It’s snowing in Minneapolis (surprise). Overcast, wet, cold. Everyone’s cranky and restless. And even though it’s four months into the calendar year, I’m still taking Vitamin D pills. Because we still lack for enough daylight. Or, sunlight? But as Patrick in The Monster Squad would point out (while defending ways to kill Dracula), what other kind of light is there during the day? So for our purposes they are the same thing, and let’s see if either of these tracks are bright enough to lift our moods.
Aesop Rock’s “Daylight” is an instant classic that opens with an old school hip-hop refrain, a wistful flute-like melody, and then introduces the vocals with a weary “Yo” to prepare us for the rough confessional truths about to come. They are pushed through sharply, almost begrudingly. This is no party anthem, but that doesn’t mean it’s not catchy. Early in the song, Aesop Rock distinguishes himself as both a student of history and a contrarian with the line “I did not invent the wheel/ I was the crooked spoke adjacent.” From there it’s off to the races, in a winding maze of wordplay that demands attention (and if it takes a few listens to get into the groove and sort things out, don’t kick yourself…though this is actually one of the least dense Aesop songs I can recall). When horns are added midway through, the song gains a bit of optimism, and the quality is certainly golden with lines like, “Yeah, the settlers laugh/ You won’t be laughing when your covered wagons crash/ You won’t be laughing when the buses drag your brother’s flags to rags/ You won’t be laughing when your front lawn’s spangled with epitaphs.” The chorus is jarringly simple: “All I ever wanted was to pick apart the day/ Put the pieces back together my way,” repeated in fours until the Digital Underground sample is revisited. There are numerous excellent verses, and I’ll mention one more which is the final couplet before the home stretch and provides nice symmetry to the opening bicycle imagery: “This cat is asking if I’ve seen his bit of lost passion/ I told him ‘yeah’ but only when I pedaled past him.” So, any song with this much replay value is a great rainy day go-to pick.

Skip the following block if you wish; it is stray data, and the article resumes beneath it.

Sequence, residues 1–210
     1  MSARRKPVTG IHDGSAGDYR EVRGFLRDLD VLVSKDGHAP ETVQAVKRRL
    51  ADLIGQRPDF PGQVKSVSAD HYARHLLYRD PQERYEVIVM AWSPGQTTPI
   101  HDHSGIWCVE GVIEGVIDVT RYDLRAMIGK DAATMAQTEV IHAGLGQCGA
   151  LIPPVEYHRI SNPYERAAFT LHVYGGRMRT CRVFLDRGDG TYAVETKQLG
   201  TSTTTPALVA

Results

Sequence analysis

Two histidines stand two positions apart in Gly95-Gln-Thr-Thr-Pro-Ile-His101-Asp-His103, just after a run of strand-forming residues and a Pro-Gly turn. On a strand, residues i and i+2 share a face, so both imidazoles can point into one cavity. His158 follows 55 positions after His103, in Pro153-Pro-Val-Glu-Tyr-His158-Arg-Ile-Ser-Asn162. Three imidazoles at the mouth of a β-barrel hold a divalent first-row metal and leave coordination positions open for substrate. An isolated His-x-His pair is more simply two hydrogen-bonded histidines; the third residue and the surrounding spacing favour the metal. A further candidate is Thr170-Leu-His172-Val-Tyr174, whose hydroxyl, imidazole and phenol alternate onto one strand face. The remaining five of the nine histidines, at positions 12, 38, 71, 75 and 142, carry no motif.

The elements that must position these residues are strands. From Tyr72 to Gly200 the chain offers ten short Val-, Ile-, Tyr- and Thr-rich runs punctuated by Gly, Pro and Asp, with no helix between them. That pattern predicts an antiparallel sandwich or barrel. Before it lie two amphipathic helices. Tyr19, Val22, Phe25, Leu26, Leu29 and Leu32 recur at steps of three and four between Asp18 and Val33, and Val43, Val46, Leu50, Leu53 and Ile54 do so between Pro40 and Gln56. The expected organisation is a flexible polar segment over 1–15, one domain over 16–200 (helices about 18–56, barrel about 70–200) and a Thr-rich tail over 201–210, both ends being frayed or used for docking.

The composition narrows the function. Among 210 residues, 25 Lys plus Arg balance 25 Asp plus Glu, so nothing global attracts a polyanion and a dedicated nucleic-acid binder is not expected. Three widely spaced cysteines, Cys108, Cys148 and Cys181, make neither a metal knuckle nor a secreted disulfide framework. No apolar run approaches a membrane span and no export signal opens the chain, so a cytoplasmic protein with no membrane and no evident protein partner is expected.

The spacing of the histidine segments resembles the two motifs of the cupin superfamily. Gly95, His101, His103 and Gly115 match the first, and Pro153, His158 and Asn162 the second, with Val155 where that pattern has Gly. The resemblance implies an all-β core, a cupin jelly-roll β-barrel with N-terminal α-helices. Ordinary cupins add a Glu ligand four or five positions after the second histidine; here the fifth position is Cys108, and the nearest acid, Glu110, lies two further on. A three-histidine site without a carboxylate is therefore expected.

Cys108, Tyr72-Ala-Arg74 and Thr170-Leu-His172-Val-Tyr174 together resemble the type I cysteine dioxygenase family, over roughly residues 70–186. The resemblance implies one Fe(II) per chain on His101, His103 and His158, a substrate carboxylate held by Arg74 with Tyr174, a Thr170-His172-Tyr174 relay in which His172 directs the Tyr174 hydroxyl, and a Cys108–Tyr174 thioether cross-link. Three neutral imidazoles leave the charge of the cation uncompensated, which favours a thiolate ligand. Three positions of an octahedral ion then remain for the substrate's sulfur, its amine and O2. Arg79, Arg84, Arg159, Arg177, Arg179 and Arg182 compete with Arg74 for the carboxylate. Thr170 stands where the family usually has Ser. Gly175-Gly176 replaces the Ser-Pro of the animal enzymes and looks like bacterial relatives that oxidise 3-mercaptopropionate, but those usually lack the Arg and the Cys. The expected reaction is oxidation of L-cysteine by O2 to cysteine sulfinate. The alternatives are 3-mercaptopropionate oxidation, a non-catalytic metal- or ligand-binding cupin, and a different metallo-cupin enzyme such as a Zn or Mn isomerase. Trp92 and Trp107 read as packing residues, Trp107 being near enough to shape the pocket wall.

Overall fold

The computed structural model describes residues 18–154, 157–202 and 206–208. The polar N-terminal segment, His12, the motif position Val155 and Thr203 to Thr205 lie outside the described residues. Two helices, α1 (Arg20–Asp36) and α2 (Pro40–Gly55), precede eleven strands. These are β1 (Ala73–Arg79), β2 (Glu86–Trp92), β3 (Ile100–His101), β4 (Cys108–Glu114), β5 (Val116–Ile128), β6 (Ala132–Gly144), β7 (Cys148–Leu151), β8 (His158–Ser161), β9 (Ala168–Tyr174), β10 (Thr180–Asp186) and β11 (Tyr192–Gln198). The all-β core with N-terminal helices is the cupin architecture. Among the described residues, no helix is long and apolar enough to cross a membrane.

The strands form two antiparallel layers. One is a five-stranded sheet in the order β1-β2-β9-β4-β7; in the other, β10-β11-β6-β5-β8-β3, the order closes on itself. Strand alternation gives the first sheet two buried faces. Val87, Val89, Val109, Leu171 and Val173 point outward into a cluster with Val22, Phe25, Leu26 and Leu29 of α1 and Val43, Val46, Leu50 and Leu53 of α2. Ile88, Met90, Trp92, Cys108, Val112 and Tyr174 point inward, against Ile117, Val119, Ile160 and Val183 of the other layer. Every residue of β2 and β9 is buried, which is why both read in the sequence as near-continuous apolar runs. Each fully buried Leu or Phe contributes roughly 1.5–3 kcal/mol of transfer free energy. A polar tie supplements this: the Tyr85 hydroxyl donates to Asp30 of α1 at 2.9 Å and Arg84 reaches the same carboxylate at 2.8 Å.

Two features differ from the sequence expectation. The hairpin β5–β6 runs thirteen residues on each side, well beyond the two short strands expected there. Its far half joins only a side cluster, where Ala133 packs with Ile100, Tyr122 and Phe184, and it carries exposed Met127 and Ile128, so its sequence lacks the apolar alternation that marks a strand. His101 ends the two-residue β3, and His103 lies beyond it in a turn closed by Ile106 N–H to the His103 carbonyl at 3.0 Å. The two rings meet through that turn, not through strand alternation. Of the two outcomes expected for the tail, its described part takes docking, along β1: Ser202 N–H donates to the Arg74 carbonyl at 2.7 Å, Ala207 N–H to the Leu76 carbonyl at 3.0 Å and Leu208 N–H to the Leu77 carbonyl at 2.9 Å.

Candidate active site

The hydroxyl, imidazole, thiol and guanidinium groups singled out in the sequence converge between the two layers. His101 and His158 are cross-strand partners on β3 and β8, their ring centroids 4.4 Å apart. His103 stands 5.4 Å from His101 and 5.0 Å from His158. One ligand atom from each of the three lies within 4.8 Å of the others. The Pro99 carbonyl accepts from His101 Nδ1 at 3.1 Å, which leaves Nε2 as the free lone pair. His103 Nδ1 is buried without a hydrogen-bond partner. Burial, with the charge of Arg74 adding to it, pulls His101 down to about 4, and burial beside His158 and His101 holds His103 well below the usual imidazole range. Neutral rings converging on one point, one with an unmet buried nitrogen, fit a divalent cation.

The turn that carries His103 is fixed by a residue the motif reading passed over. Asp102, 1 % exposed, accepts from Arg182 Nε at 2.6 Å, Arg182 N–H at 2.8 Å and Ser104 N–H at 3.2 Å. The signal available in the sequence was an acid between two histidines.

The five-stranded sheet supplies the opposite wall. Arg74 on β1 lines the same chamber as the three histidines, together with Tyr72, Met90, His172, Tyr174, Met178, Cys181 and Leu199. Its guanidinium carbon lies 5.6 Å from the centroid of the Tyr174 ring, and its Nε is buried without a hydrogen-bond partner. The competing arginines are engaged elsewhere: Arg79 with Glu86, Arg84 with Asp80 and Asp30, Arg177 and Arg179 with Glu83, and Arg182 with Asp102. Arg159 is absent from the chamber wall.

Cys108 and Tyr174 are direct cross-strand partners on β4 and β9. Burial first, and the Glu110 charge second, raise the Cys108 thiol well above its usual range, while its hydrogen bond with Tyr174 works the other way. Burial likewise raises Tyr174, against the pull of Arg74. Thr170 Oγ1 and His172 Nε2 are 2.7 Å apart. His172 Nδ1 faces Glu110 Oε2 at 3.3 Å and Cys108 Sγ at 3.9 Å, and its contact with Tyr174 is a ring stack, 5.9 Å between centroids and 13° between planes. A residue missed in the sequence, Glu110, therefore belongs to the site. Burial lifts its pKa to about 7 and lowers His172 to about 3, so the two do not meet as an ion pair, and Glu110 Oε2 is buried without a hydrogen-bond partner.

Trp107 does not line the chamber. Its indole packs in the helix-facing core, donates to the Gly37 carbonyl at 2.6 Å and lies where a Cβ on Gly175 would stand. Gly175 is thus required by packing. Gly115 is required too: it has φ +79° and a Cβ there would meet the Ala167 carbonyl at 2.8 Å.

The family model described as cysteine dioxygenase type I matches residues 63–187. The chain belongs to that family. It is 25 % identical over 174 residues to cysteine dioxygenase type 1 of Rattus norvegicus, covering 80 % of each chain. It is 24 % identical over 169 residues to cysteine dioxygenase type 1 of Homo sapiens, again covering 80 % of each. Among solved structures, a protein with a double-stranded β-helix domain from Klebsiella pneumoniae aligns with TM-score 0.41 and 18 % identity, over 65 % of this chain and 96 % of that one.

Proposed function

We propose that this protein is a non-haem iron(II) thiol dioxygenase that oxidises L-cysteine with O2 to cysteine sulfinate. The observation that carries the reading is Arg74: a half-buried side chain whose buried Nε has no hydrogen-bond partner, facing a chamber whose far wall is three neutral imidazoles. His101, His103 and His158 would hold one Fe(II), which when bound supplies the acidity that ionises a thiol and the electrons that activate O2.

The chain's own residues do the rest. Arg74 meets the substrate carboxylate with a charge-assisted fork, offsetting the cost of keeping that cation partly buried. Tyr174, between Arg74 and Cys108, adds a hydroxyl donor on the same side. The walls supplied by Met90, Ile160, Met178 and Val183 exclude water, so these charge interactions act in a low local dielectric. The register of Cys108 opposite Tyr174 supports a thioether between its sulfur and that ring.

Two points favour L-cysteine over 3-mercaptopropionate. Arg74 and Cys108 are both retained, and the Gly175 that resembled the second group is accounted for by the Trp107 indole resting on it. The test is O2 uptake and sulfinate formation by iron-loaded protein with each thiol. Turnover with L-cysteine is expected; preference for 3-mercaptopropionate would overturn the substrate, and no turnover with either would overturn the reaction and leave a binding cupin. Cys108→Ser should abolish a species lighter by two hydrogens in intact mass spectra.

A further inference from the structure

If Aesop Rock is a curved forest path weaving through gnarled branches, Matt & Kim is a wide open city street with clean sidewalks and no clutter. Their “Daylight” kicks off with a carefree keyboard riff that runs through the entire song. Each lyrical verse is delivered in the same inflection as this melody, so the hook is instant and stays in deep. The Matt half of the duo paints a clear summer scene: “We cut the legs off of our pants/ Threw our shoes into the ocean/ Sit back and wave through the daylight.” There is a call-and-response feel to the intonation of the alternating lines, as if there are really two singers taking turns. The drums and keys are a bit scattered but then everything melds for the simple chorus: “And in the daylight we could hitchhike to Maine/ I hope that someday I’ll see without these frames/ And in the daylight I don’t pick up my phone/ ‘Cause in the daylight anywhere feels like home.” The song has a propulsion that barely lets the listener breathe, but they are probably not supposed to (and the line about wearing glasses gets bonus points!). To me, it’s a tune about two things: movement and summer. The opening track from their solid Grand release, it’s the closest to a title track with the lines, “Open hydrant, rolled down windows/ This car might make a good old boat/ And float down Grand Street in daylight.” While not the standout track from the album (that would be “Lessons Learned”) it’s a great opener that invites the listener to float along to in its sunny carefree current.
Winner: A tight match for sure. The Aesop Rock song found its way into the headphones of many college students when the artist was gaining credibility as one of the better underground white rappers. It’s basically flawless. Matt & Kim burst open with Grand and while they’ve put out other similar albums in the same basic style, none quite compare to the one which opens with “Daylight.” And I have to pick Matt & Kim as the victor here. Aesop Rock’s tune is superior if we were to judge on sheer artistry, but we’re judging against that title word instead, and it’s hard to find a more poppy yet listenable summer band than Matt & Kim. I’ll keep them blaring for now while we wait through this cold Minnesota mess.
Aesop Rock – Daylight (2001) – (audio)
Matt & Kim – Daylight (2009) – (video)